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Because this information is provided by the carriers themselves, you’ll need to enter the information into a web page for your carrier. In this example our carrier is T-Mobile. Enter your address details and then hit Save.

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Tap Close.

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That’s it. That’s all the set-up you have to do. From this point on your iPhone will route calls through its wireless internet connection. If you already get pretty decent coverage in your area this won’t be much of a change. You may notice that your calls sound a bit better, but that’s it. If you typically don’t get decent coverage at home or in your office then you’ll notice a big difference in call quality. Text messages should find you more reliably and calls should sound crisp.

Wi-Fi calling means you don’t have to keep your eye on your iPhone’s signal bars, but it doesn’t mean you don’t have to watch how much time you talk. Even over Wi-Fi calling you’re being billed for the minutes you use. For example, a plan that includes 500 minutes still translates to 500 minutes of Wi-Fi calling. If you have a plan with a set number of minutes, you’ll need to stick to that set plan. If you have unlimited calling, you can use Wi-Fi calling to your heart’s content.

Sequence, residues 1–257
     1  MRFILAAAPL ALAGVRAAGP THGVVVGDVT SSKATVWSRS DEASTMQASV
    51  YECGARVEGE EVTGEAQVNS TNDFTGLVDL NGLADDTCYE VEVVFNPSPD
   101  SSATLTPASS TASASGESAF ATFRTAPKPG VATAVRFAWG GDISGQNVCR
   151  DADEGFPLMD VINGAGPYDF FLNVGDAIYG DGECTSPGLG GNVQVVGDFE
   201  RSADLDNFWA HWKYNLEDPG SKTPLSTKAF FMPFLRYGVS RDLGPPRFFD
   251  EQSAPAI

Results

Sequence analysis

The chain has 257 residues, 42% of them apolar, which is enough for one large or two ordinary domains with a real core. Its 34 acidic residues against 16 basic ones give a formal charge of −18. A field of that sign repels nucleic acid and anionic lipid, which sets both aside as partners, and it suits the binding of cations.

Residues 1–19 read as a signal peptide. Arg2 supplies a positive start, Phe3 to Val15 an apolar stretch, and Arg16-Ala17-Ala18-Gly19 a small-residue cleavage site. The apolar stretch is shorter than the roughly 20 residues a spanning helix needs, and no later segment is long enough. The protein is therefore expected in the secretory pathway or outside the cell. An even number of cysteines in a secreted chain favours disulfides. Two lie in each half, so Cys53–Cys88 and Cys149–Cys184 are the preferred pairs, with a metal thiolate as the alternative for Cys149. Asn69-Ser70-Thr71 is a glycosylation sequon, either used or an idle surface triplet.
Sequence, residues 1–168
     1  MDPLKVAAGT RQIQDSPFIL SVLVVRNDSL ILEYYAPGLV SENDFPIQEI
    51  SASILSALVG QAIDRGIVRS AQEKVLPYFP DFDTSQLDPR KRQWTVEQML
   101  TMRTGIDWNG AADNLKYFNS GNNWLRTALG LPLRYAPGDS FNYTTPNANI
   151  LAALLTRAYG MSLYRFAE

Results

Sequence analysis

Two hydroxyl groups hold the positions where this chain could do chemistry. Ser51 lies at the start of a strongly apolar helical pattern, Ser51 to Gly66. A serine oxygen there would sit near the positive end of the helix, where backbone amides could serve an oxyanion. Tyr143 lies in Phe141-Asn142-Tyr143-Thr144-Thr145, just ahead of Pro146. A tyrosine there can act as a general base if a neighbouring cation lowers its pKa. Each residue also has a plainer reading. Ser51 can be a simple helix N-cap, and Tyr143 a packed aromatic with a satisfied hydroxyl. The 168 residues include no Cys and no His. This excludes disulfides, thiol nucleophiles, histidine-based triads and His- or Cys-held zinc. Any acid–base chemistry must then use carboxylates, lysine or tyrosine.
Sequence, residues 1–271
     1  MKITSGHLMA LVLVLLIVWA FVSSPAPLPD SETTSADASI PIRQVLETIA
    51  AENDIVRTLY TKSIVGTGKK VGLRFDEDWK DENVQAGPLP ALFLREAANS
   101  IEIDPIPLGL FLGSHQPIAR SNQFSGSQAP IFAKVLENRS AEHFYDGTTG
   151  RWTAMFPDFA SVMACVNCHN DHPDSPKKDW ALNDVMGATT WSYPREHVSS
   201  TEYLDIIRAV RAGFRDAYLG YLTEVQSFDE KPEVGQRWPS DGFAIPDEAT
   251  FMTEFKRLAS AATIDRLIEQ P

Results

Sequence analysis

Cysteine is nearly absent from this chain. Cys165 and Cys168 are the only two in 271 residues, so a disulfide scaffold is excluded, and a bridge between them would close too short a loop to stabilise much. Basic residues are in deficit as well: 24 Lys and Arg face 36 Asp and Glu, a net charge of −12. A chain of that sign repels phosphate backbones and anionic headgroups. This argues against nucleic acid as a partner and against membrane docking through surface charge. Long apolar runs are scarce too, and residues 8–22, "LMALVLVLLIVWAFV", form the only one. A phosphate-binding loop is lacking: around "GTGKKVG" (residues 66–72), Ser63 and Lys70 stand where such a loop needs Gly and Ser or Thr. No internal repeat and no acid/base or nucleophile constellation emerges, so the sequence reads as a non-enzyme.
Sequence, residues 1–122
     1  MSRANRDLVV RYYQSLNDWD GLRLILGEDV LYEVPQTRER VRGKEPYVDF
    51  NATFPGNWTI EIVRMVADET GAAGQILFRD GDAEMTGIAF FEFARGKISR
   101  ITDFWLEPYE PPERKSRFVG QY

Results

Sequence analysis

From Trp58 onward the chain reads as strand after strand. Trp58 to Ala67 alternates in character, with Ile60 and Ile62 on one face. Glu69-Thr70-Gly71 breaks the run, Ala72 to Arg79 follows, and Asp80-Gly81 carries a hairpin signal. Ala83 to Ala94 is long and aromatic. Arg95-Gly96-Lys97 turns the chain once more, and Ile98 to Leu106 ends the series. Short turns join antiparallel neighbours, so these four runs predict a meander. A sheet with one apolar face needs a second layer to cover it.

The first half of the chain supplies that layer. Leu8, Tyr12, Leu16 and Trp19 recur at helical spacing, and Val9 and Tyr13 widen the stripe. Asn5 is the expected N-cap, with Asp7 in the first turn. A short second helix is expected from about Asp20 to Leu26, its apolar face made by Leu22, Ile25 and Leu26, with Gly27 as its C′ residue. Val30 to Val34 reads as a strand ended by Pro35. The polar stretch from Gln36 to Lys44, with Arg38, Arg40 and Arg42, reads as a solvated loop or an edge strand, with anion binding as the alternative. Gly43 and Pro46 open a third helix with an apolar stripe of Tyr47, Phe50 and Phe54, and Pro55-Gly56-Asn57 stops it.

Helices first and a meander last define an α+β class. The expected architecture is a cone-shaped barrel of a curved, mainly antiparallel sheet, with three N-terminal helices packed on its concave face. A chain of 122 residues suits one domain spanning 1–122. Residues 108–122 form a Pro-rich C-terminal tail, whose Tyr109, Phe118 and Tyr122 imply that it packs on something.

One rather disappointing thing is that the iPhone 5c and iPhone 5s are the only older iPhones that can handle Wi-Fi calling. Users with those devices are also restricted in what they can do. For example, you can’t use be on a call with either of these devices and switch between a Wi-Fi network and a cellular network, according to Recode. That’s a shame, since that’s supposed to be one of the huge benefits of having Wi-Fi calling built into the iPhone 5s at the software level.

Read: AT&T confirms Killer iPhone 6 iOS 8 feature Coming in 2015

As other carriers like AT&T and Verizon add Wi-Fi calling to their networks, this process will work on those carriers too. You don’t need to make any changes to your wireless router or cable modem to get Wi-Fi calling on the iPhone to work.



  1. Richard

    06/21/2015 at 10:31 am

    This is not entirely accurate. For some reason you still have to have cell signal in order to use Wi-Fi calling. I walk into my apartment and lose all signal, no service shows on the phone, yet my wireless is connected strongly. It will not connect to Wi-Fi calling even though it is enabled on both my account and the phone.

  2. MonkeyMike

    07/23/2015 at 3:49 pm

    Richard, that’s not true. WiFi calling works even your phone is in airplane mode with WiFi enabled.

    • Richard

      07/23/2015 at 3:55 pm

      Being that my phone WILL NOT do wi-fi calling in my apartment at all your response to me is obviously not true. In theory it should work as I saw it work in the Apple Store where there was no signal yet it doesn’t work here. I blame Time Warner since it works outside of a Time Warner wireless network.